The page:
To prioritize the safety of students and other members of the Georgetown University community, we, as Georgetown University Student Association representatives, recommend the university remain closed this spring. Nevertheless, we intend to continue our advocacy for more need-based housing for students who require it.
On Nov. 12, the United States recorded 133,000 new cases of the coronavirus, and nearly 250,000 Americans have already died from the virus. In this environment, it is unsafe and irresponsible for the university to invite students back to campus, and therefore our plan for the spring focuses on ensuring students have the proper resources necessary to finish out the year remotely.
A safe return, of course, is contingent on the creation and widespread deployment of an effective vaccine, which, as of November 2020, is still months away. As a community that preaches being people for others, Georgetown administrators, faculty and students alike must do our part in protecting our most vulnerable and marginalized students, even if it means continuing classes online.
As we have seen this fall semester, Georgetown students have been overwhelmed with the removal of three-day weekends they typically receive during a normal academic year despite continuing their studies online. As the administration further deliberates over a spring calendar, we demand the implementation of a calendar that not only observes regular three-day weekends and short breaks such as Easter and spring breaks, but also prioritizes the health and safety of all community members.
Students have been forced into a seemingly never-ending sprint since August, and many of us have been mentally and emotionally drained from looking at our computer screens for hours a day and from an increased workload on our end. Both the university and the faculty must remain cognizant of the fact that we are humans first and students second. Wherever we may be for the duration of the school year, one truth is universal: We all have our limits and have the responsibility to do what is best for our mental health.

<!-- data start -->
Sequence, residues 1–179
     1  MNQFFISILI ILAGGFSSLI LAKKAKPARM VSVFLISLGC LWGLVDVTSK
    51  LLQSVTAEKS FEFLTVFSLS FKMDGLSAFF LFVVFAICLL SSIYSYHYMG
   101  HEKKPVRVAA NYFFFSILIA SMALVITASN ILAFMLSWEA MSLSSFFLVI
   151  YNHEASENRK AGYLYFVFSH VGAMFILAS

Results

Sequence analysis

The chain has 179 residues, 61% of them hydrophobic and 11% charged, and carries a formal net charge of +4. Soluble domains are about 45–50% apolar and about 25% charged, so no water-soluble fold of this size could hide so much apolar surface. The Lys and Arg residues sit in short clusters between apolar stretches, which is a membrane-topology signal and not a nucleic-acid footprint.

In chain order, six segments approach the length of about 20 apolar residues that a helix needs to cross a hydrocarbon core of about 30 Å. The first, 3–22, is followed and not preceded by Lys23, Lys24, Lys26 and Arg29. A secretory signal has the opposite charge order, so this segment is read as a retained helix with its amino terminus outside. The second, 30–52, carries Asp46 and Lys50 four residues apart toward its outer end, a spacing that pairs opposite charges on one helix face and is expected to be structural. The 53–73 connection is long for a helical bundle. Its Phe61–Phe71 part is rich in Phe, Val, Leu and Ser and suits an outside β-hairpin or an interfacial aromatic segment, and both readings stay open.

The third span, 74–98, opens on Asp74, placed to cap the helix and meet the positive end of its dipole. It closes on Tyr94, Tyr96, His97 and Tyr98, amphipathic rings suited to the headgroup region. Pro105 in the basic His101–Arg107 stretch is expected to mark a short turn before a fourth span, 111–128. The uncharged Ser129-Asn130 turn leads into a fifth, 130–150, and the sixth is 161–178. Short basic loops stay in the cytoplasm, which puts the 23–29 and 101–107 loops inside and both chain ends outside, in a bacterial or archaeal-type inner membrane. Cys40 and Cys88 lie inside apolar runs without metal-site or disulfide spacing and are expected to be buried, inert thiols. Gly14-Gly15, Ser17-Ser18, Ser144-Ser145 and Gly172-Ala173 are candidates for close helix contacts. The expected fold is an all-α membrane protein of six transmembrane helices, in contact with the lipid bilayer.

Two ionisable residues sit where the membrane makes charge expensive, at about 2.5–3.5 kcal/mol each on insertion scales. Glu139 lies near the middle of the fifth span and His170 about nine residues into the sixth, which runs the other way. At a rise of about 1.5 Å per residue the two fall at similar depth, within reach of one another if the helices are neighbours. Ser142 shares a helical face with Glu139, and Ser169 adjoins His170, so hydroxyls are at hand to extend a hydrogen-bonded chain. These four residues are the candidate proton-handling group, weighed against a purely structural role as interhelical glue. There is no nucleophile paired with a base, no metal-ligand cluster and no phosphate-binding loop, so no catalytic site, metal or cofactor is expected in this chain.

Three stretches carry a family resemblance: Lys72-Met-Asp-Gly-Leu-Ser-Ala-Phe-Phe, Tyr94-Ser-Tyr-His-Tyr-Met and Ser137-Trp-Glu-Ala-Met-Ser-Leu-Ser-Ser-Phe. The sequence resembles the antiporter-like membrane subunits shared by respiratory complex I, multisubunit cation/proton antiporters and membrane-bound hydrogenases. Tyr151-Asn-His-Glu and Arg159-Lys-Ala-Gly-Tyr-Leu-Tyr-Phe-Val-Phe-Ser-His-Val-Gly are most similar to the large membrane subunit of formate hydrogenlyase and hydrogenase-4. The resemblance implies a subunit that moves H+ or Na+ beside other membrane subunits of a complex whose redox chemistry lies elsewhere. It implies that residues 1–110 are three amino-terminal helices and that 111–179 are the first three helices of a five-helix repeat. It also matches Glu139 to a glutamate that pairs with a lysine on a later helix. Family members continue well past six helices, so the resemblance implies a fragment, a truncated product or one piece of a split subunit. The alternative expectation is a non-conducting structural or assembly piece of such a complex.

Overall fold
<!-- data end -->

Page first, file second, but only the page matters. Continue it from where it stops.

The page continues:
Pursuant to academic success and mental well-being, we recommend the implementation of uniform standards of expectations for professors and students in a remote learning environment. While many professors have been extremely accommodating and flexible this semester, the lack of uniform policies has left some students unsure of the expectations. This particularly affects students not in Georgetown’s time zone, whether international or elsewhere in the United States. Therefore, we hope the university will make its policies on asynchronous learning clearer to ensure students are not put at a disadvantage purely because of where they are located during this pandemic.
Student testimonials we have received have also reflected heightened stress and anxiety because of an increased workload from some professors. We understand coursework can be difficult to regulate, but we hope the university will put in a good faith effort to create guidelines for faculty that accommodate student needs. Finally, we encourage the continuation of the grading schemes put in place last spring. We hope giving students increased flexibility with grades will decrease stress and ensure that learning, rather than assignment performance, is prioritized.
Our advocacy, however, should not end with academic accommodations. Recognizing the privileges of our student body, we must do our best to support our low-income and most vulnerable students. While we await the university’s decision for the spring semester, we believe the university should consider another tuition credit that benefits all its students regardless of their expected family contributions, as it has done this fall semester.
We should also recognize the selfless efforts of advocacy groups such as the GU Mutual Aid Network, which has supported Georgetown students in need. We encourage our student body to do what they can to support any advocacy efforts that benefit our Georgetown community, whether through sharing posts on their social media or donating to programs such as GU Mutual Aid because we are all in this together. Given this spirit of community and charity, we hope Georgetown students will understand the need to provide disadvantaged community members with the housing and resources they need, rather than pushing for an unsafe full reopening of campus.
Being a Georgetown student is more than just working toward a degree from the university; being a Hoya means embodying the values that our institution is built on. While we wait on the university to come out with its decision for the spring semester, we should all expect a policy that we may not be happy with. However, the point of a spring plan is to ensure the safety and well-being of our entire community. As we work to overcome challenges presented by the pandemic, we ask the student body to join us in taking a selfless stand and supporting Georgetown’s most vulnerable students.
Rowlie Flores is a junior in the College. He is a GUSA Senator for the Class of 2022. Christopher Ziac is a junior in the College. He is the Deputy Director of the GUSA COVID Response Committee.